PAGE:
The large majority of Gayo coffee farmers still manage their small coffee plantations/plots in a very traditional manner (i.e. without chemical inputs). The only fertilizer they apply consists of the decomposed waste and skins of the ripe coffee beans, which tend to accumulate following the annual harvest (October to February). The physical removal of this particular waste material, or agricultural byproduct, is becoming a major problem throughout the Gayo Highland Region, as there is no formal effort for collection and/or composting and disposal.
Waste materials continue to consume far too much production space, to the point where it is now commonplace for a land area which was once capable of supporting 5000 coffee trees, to have as few as 1500 productive trees! This land-to-tree productivity ratio problem is compounded by the fact that most of the older coffee plantations in the region have yet to be replanted with newer, more productive species of coffee trees. The latter drawback has resulted in a further drop in overall production capacity; particularly on those older and more established coffee plantations dating back to the colonial era, which are located in and around the town of Takengon. The current, total annual Arabica coffee harvest in the Gayo Highlands is far from optimal, with only 50,000 MT being produced from a total land area of 68,000 hectares.
At the present time, the most popular coffee variety grown by the Gayo farmers of Central Aceh is called Catimor, which is a hybrid variety, derived from a cross between the Red Caturra and Hibrido de Timor varieties. Hibrido de Timor is famous for it's resistance to the leaf rust disease; a disease which spread through most of the colonial coffee plantations in Indonesia during the early part of the 20th century. The major drawback of the Hibrido de Timor variety is the low yields and relatively tall growth, making it somewhat difficult to harvest. In contrast, the red Caturra variety grows on smaller/shorter trees and offers an exceptionally high yield. Therefore, the crossing of these two breeds offers local Gayo farmers an ideal low maintenance and high yield variety of coffee tree.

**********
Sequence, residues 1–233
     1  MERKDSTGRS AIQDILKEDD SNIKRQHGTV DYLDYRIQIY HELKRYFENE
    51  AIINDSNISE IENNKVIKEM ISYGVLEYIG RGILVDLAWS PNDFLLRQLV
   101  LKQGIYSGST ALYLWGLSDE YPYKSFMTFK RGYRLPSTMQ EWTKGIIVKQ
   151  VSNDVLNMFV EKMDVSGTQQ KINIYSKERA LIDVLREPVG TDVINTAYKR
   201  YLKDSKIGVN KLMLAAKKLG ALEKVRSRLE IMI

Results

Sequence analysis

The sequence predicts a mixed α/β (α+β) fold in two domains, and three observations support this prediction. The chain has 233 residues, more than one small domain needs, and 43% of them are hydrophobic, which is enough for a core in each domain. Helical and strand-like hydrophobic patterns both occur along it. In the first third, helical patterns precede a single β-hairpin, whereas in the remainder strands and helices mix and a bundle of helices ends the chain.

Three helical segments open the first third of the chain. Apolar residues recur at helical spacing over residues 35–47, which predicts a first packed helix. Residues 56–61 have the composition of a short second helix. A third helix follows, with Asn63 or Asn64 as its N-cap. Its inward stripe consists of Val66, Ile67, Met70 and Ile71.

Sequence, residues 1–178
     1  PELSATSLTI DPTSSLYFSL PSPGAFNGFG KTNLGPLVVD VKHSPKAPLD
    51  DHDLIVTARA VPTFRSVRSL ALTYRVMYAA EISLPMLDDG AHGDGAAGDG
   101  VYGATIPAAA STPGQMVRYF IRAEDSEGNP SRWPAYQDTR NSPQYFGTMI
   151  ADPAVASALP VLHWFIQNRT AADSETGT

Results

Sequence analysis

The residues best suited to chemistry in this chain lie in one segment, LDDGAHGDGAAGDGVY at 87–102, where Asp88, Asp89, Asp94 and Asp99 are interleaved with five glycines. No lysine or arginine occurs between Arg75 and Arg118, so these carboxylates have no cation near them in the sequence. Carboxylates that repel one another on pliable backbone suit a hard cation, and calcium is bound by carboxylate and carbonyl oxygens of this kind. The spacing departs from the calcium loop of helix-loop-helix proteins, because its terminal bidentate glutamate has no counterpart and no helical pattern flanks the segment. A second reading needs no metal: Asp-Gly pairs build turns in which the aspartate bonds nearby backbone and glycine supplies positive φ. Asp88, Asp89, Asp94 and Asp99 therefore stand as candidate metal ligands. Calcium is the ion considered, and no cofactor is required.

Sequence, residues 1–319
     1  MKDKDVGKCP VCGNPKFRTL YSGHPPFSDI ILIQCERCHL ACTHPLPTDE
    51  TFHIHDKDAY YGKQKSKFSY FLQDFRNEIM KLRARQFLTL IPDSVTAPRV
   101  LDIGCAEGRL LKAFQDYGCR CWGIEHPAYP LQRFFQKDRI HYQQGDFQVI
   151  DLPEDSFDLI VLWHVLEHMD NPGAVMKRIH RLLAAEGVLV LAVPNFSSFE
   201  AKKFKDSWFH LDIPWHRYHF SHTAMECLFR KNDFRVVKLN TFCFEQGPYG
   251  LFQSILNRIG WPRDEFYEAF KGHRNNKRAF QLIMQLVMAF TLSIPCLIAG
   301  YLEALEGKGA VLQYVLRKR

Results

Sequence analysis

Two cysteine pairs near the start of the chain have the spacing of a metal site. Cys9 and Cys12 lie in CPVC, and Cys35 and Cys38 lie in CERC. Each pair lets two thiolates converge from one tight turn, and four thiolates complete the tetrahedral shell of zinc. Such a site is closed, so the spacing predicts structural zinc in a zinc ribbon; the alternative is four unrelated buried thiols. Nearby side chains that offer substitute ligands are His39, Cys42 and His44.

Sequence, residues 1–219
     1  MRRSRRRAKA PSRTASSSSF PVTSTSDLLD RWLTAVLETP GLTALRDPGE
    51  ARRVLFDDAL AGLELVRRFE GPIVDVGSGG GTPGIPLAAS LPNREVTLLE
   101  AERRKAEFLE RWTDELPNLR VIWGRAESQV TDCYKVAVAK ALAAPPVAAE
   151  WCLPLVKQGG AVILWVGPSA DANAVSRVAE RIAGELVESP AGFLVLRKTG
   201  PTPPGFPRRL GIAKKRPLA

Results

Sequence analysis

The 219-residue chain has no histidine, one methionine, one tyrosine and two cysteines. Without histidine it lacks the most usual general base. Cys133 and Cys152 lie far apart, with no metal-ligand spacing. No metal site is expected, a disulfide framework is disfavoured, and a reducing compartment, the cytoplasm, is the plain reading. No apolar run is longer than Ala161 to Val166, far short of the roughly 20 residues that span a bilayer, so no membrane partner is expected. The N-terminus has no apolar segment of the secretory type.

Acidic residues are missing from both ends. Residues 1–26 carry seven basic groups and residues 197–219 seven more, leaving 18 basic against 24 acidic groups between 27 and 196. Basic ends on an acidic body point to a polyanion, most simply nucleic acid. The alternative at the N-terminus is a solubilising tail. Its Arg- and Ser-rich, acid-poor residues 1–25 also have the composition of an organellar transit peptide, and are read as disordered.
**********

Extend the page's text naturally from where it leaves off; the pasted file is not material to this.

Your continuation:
There are numerous selections of the Catimor hybrid in Indonesia. Some of these hybrids were developed in a government-run coffee research centres in the province of East Java, but they are not overly popular in Takengon. The most popular Catimor variety grown in the Gayo Highlands of Central Aceh District is called Catimor Jaluk; a naturally occurring hybrid variety which originated from a local Gayo Higland plantation. This crossbreed of Hibrido de Timor and Red Caturra, is well suited to the growing conditions in the Gayo Highlands. Today, almost all of the newly established, or replanted coffee plantations in the region are planted with the Catimor Jaluk hybrid variety.
According to the coffee production data compiled by AEKI (Indonesian Coffee Exporters Association) during the 1999/2000 period, Indonesia produced an estimated 432,000 metric tons of coffee, and only 15% (64,800 MT) of the total amount was Arabica. Therefore, it becomes clear that the Gayo Highland Region of Aceh Special Province produces well over 90% of Indonesia’s entire annual Arabica coffee harvest!
Unfortunately, during the 1980s, every single seaport in Aceh was shut down by the Soeharto Regime, and all of the major ethnic Chinese Indonesian coffee traders based in Sumatera were encouraged to run their operations from the city of Medan (the capital of neighboring North Sumatera Province). These drastic policy changes effectively terminated the link between the indigenous Acehnese Gayo Highland farmers and the international coffee market giving the Medan-based middlemen a virtual supply monopoly. Until the present time, most of the Arabica coffee produced in the Gayo Highland Region of Central Aceh District continues to be marketed as if originating from the smaller, less significant coffee production areas in North Sumatera Province (using brand names which correlate to the names of villages and districts in that province-Mandheling, Pawani, Sidikalang, Gunung Lintong etc). Such marketing practices are totally misleading.
Major Coffee Producing Regions in Indonesia
Province Type Production(MT) Share (%)
South Sumatera Robusta 91,786 18.9
Lampung Robusta 84,021 17.3
Aceh Robusta/Arabica 61,906 12.7
North Sumatera Robusta/Arabica 30,106 6.2